Oklahoma Gas and Electric is proposing changes in its rate structure, including implementing a mandatory demand charge, the Associated Press reports.
In a case now before the Oklahoma Corporation Commission, OG&E proposed moving toward a three-part bill that would capture fixed, demand and energy charges.
OG&E said the charges would be better way to manage the changes in technology now available to residential customers, such as distributed energy resources.
OG&E is moving ahead with plans to change its rate structure in anticipation of strong growth in distributed energy resources in its service territory.
The utility in March said it was preparing for rapid growth in rooftop solar installations and wanted to avoid cross subsidies. Currently OG&E has about 350 rooftop solar customers in its service territory of 800,000.
The utility wants to double the monthly customer service charge and put in place a separate demand charge that it says would better capture a customer's peak demand costs on the grid. Those charges would be paired with lower electricity prices. Currently, most residential bills are split into a monthly customer charge and a variable energy charge that depends on electricity consumption. If fully implemented, OG&E's plan could hike residential bills by $7.22 per month.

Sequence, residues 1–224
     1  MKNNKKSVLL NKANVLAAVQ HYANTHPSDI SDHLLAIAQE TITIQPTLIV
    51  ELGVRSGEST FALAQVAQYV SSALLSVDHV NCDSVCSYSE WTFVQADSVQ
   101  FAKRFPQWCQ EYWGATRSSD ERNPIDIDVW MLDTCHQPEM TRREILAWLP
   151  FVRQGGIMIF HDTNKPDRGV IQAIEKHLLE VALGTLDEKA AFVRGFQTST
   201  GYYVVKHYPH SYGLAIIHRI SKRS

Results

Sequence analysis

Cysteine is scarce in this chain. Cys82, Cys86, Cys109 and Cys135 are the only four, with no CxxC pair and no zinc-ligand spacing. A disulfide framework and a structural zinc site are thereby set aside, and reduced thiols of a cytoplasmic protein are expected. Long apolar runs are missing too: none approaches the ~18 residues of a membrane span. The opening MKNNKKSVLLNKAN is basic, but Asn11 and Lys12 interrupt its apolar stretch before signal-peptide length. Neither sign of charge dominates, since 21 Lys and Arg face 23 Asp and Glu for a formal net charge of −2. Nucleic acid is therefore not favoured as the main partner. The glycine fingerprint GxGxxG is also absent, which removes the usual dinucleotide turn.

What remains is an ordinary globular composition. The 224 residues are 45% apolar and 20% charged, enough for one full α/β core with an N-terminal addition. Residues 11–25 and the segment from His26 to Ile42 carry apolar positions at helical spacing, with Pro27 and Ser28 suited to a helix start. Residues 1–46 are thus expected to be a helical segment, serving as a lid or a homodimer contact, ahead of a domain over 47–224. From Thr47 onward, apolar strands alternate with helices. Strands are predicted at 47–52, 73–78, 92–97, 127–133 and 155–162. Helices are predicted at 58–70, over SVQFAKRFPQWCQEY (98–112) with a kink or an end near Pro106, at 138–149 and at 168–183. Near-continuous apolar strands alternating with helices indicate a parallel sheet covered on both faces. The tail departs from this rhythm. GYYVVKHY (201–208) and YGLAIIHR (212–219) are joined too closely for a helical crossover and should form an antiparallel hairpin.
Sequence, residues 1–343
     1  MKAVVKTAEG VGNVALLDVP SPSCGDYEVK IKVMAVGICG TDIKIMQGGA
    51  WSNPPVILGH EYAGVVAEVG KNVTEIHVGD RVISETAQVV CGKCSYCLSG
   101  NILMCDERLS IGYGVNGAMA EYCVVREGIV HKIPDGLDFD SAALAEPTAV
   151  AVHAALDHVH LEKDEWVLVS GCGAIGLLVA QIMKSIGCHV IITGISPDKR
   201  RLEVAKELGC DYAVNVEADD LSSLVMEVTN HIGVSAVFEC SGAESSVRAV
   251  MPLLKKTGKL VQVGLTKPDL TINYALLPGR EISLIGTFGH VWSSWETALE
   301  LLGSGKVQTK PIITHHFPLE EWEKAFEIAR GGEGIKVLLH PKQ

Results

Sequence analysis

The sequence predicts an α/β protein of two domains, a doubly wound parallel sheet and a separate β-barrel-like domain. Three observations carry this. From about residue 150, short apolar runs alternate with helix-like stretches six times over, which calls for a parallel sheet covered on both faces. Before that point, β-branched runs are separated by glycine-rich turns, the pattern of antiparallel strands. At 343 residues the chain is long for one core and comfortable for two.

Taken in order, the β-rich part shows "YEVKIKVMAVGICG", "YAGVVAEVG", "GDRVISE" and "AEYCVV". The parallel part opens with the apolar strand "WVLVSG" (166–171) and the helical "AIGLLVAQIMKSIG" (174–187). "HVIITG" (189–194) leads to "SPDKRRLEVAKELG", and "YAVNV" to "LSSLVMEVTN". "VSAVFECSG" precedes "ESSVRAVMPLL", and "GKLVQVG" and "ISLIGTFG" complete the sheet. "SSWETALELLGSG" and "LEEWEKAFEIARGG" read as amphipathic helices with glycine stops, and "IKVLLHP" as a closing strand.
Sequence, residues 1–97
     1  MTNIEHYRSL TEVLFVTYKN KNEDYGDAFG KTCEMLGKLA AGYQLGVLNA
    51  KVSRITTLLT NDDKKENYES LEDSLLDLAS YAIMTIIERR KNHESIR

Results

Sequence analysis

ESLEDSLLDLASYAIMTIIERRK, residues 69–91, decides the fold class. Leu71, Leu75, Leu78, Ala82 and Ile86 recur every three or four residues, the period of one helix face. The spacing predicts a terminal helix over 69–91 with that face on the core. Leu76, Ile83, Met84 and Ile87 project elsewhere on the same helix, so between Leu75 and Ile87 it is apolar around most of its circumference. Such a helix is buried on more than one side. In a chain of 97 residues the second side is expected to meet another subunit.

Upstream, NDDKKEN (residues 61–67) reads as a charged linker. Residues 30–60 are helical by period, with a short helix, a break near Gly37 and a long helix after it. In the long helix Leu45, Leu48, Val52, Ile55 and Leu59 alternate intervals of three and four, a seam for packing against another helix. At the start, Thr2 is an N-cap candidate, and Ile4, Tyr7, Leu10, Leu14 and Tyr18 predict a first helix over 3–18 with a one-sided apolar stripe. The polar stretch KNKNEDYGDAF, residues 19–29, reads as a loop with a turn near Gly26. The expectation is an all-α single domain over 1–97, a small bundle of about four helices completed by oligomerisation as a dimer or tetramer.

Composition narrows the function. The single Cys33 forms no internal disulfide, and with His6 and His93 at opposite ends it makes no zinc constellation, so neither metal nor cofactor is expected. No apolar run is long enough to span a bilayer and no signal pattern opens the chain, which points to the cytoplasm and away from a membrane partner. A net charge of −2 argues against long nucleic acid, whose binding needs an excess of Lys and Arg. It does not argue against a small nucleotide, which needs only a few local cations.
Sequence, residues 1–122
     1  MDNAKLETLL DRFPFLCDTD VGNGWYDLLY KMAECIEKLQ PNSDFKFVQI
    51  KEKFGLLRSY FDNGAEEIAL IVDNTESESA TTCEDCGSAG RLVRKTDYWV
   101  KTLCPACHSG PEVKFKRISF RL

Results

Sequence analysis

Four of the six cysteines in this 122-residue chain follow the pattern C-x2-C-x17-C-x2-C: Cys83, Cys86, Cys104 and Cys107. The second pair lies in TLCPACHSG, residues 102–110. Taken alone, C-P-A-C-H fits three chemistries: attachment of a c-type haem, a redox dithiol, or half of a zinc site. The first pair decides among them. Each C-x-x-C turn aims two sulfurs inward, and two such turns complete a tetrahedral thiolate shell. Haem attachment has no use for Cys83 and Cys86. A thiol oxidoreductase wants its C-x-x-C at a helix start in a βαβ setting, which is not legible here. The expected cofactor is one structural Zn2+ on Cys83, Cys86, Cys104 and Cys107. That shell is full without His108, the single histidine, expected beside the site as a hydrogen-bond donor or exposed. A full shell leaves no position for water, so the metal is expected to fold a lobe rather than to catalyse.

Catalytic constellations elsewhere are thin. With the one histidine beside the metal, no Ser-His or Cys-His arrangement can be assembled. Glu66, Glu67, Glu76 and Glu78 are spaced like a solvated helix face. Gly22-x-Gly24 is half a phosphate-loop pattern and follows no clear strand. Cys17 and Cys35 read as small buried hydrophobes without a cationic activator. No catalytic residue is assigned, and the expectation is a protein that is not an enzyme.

In April, the Oklahoma Corporation Commission (OCC) voted down an OG&E plan that would have changed the way the utility calculates the bills for rooftop solar users. The commission directed the utility to fully explore the issue in its pending rate case.
The rate case has drawn criticism from several parties, including Oklahoma Attorney General Scott Pruitt, AARP Oklahoma, OCC’s public utility division, the Oklahoma Sustainability Network, and The Alliance for Solar Choice.
"No state in the nation has allowed an electric utility to impose mandatory demand charges on residential customers — and for good reason — and we don't want Oklahoma to be the first," Sean Voskuhl, AARP Oklahoma's director, told the Associated Press.
Testimony in the rate case is expected to last several weeks.